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Evaluating our favorite web-sites

post #1 of 45
Thread Starter 
Hi,

Amnesiac did a thread a little while back on how we all evaluate information. I posted a sort of meandering discussion of the way librarians do it. She suggested that it might be interesting to apply the librarian's standards to some of our favorite web-sites. I have summarized them into an easy to follow list, here:

1. Who stands behind the site? Is that information easy to find? Clearly stated?
2. How often is the site updated? Do articles and postings have dates?
3. Do links work? A lot of unusable links indicates a neglected or badly managed site.
4. Do individual articles have an author? Footnotes or endnotes? A bibliography? Info about original publication? Is it an excerpt from a book? Originally published in a journal? When and where? Is conflict of interest information for the author and for his/her sponsoring organization available?
5. Does the site carry advertising? Does it recommend particular products? Look for possible covert conflicts of interest (an example would be the CDC simultaneously monitoring the safety of vaccines and promoting their use).

Nana
post #2 of 45
Thread Starter 
Just quickly, I did a nice site evaluation to start off this thread and then a phone call came in and I lost it! I'll try again later, sorry for the mess-up.
Nana
post #3 of 45
Quote:
Originally Posted by Deborah
Just quickly, I did a nice site evaluation to start off this thread and then a phone call came in and I lost it! I'll try again later, sorry for the mess-up.
Nana
Eagerly awaiting it.
post #4 of 45
Good info to look for, thanks for posting this. I get most of my information from books but I also check the references and the same questions for evaluating websites are good to apply to book references as well.
post #5 of 45
I wanted to get some clarification - I'm on the AAP (American Academy of Pediatrics) website constantly. Are we evaluting the site or the organization - or both?

For instance, with respect to confict of interest, almost 100% the AAP's corporate donors are pharmaceutical companies. Now I don't know if that applies to the funding to keep the website up and running, but it does apply to the organization itself.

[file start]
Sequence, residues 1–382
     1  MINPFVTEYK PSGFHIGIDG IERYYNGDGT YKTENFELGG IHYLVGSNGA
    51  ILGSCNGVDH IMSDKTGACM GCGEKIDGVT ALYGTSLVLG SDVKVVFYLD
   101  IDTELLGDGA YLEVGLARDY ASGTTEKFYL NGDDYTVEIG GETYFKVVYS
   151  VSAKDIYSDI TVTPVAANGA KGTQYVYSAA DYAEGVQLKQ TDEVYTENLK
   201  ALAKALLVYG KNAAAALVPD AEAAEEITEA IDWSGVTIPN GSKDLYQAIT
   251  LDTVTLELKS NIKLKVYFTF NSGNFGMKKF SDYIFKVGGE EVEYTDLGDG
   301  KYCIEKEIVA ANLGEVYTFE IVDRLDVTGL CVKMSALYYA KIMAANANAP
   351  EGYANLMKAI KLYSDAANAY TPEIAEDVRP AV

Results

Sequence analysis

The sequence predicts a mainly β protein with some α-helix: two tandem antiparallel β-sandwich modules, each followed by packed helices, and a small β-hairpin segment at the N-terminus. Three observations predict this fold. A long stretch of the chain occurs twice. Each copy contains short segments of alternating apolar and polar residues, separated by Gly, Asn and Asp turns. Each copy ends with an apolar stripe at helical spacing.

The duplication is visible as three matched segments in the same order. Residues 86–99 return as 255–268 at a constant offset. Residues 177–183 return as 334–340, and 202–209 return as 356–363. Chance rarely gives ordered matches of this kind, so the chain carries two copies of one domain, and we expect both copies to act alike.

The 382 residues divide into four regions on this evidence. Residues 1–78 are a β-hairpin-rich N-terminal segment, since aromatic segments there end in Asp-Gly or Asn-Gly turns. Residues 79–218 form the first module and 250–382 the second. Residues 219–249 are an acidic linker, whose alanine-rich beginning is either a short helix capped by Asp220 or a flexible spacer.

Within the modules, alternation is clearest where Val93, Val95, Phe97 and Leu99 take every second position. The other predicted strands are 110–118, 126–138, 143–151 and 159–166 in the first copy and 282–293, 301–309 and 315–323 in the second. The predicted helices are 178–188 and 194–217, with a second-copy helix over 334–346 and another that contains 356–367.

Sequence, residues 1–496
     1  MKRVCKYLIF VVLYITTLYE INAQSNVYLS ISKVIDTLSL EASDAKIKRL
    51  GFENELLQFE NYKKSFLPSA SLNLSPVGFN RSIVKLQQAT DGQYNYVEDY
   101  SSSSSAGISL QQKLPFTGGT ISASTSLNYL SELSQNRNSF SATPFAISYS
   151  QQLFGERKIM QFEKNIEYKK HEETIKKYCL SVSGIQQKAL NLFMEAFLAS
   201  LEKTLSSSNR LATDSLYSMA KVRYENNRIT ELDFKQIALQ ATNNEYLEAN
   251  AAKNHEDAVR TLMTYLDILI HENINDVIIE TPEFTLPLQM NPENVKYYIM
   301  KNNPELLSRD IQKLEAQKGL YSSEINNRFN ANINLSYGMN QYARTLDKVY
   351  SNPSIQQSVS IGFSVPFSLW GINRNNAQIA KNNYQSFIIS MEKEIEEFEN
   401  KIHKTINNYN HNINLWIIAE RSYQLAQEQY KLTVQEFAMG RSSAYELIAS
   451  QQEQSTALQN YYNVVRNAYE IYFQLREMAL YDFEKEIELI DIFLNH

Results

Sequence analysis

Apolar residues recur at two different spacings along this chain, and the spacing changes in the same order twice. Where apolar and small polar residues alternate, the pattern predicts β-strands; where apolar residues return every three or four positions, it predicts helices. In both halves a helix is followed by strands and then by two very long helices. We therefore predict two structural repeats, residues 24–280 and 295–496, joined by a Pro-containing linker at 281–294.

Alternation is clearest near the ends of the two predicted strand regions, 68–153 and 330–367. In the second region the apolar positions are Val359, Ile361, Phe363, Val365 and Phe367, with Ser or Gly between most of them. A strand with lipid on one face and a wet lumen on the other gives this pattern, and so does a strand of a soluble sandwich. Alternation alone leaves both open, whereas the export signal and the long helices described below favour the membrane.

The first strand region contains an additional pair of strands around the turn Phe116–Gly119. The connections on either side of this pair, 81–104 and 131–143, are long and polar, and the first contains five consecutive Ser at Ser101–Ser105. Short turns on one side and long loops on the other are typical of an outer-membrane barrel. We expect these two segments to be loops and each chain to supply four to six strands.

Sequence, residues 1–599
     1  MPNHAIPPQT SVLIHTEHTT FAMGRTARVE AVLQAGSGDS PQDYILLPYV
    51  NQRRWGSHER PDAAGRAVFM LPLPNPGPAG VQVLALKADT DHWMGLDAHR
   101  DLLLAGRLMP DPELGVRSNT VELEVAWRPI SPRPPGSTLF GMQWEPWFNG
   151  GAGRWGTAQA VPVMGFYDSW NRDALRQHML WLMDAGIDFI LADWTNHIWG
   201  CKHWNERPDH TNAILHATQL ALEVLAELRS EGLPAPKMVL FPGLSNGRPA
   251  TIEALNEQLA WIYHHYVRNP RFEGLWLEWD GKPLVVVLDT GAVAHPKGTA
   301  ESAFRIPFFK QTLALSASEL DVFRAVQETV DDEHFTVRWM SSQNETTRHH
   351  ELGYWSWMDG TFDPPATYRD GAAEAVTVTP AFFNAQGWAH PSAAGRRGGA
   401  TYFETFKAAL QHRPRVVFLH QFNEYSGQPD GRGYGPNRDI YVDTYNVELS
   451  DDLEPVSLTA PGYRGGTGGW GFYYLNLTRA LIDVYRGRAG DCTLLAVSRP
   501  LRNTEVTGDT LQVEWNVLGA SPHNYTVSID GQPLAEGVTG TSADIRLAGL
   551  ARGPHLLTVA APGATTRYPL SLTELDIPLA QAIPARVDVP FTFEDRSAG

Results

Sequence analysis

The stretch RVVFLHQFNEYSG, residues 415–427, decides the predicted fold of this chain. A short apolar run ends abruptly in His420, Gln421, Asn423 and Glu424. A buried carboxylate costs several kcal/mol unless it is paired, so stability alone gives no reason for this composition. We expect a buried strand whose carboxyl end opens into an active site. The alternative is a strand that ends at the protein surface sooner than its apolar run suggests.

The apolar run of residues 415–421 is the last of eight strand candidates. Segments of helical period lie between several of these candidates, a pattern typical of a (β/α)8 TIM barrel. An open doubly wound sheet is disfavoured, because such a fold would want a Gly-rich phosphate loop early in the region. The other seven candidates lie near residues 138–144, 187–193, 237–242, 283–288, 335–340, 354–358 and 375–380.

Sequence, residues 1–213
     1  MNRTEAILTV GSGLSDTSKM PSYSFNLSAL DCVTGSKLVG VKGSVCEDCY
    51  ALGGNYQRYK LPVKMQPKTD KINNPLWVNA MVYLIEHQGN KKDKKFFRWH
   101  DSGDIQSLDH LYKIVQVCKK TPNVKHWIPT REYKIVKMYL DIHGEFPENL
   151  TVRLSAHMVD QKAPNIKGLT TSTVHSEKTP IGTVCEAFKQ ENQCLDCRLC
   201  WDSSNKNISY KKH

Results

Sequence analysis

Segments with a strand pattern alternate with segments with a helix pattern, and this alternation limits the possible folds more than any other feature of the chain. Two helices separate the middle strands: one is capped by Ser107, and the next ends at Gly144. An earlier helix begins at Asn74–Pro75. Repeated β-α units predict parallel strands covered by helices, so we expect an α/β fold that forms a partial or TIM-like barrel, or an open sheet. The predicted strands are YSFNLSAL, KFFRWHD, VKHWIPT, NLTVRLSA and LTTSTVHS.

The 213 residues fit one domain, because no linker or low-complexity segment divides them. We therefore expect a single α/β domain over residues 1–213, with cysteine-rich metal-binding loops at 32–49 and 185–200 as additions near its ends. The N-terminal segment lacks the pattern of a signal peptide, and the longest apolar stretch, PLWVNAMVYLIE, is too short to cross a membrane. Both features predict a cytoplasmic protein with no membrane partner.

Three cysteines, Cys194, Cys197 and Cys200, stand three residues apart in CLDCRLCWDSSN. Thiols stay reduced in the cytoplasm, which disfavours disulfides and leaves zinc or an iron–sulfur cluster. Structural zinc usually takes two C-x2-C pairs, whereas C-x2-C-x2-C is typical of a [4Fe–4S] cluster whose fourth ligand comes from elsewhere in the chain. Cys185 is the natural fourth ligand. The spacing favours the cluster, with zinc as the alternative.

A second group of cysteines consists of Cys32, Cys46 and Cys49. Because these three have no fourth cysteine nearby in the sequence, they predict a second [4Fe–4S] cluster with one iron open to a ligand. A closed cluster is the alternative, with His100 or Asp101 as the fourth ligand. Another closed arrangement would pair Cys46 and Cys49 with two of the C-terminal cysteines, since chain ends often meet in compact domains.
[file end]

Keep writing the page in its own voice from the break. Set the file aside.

Thanks!

ETA: I think it would be a good idea for people to put language such as: EVALUATION: [name of website or publication] in the title of the thread
post #6 of 45
Thread Starter 

Vaccine Science Site

Here is a site I'm quite fond of:
http://www.vaccinescience.org/index.html

I'll run through the analysis step by step:

1. The site has a clear statement of purpose and ownership: click on "about"
Quote:
VaccineScience.org is a watchdog group dedicated to protecting scientific integrity in vaccine research. We invite both full time scientists and others interested in scientific standards to contribute reviews and participate on this site. Vaccine research strongly influences both government policies and public health care standardss. It benefits us all for those knowledgeable about methodology and statistics to evaluate the scientific merit in these research papers.
VaccineScience also seeks to educate consumers on distinguishing valuable research from "junk science." Parents, especially, have a vested interest in learning to evaluate evidence for themselves, rather than simply rely on controversial claims made by both sides of the debate. We will be providing tutorials on basic scientific principles, and welcome feedback in order to make the tutorials as easy to understand as possible.

Lastly, VaccineScience is also a email discussion list hosted by Yahoogroups for those interested in news and debate on this topic. All participants are welcome, regardless of their position on the vaccine issue.

The site is solely and privately funded by the webmaster and editor, Helen Tucker. All participation is free, and no ads or donations are solicited.
2. Dates: All of the citations and reviews have dates. The site has not been updated lately. The "Newsmakers" on the home page are from 2004.

3. I didn't take the time to test all the links, but the random selection I tried all worked.

4. Reviews show an author. Quoted material is correctly cited, sometimes with links. It is easy to tell who said what, when, and where it was originally published. Reviews have notes, but no bibliography (however, reviews are usually not held to a scholarly standard, so this is not a huge problem).

5. No ads. No products being promoted.

Other comments: Includes pro-vaccine links along with anti-vaccine links. The reviews published on the site all criticize articles that support vaccinations.

Summary: A good site, but not current.

Nana
post #7 of 45
Thread Starter 
Quote:
Originally Posted by LongIsland
I wanted to get some clarification - I'm on the AAP (American Academy of Pediatrics) website constantly. Are we evaluting the site or the organization - or both?